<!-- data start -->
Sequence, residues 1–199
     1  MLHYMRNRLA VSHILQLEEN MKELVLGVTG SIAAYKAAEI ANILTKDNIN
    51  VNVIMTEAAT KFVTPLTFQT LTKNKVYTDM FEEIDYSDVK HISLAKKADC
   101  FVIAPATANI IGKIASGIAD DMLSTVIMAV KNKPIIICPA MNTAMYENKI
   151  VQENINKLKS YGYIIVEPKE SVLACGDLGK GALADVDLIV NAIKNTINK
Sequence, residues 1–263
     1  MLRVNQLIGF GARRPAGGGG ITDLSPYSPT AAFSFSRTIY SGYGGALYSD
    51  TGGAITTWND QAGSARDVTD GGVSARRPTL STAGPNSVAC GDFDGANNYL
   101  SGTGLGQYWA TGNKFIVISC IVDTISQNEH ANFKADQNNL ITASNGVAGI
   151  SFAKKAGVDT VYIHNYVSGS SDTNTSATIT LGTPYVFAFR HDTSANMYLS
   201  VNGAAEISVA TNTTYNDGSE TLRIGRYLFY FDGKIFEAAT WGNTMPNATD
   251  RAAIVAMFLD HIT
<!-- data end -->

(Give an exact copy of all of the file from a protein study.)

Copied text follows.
Sequence, residues 1–199
     1  MLHYMRNRLA VSHILQLEEN MKELVLGVTG SIAAYKAAEI ANILTKDNIN
    51  VNVIMTEAAT KFVTPLTFQT LTKNKVYTDM FEEIDYSDVK HISLAKKADC
   101  FVIAPATANI IGKIASGIAD DMLSTVIMAV KNKPIIICPA MNTAMYENKI
   151  VQENINKLKS YGYIIVEPKE SVLACGDLGK GALADVDLIV NAIKNTINK
Sequence, residues 1–263
     1  MLRVNQLIGF GARRPAGGGG ITDLSPYSPT AAFSFSRTIY SGYGGALYSD
    51  TGGAITTWND QAGSARDVTD GGVSARRPTL STAGPNSVAC GDFDGANNYL
   101  SGTGLGQYWA TGNKFIVISC IVDTISQNEH ANFKADQNNL ITASNGVAGI
   151  SFAKKAGVDT VYIHNYVSGS SDTNTSATIT LGTPYVFAFR HDTSANMYLS
   201  VNGAAEISVA TNTTYNDGSE TLRIGRYLFY FDGKIFEAAT WGNTMPNATD
   251  RAAIVAMFLD HIT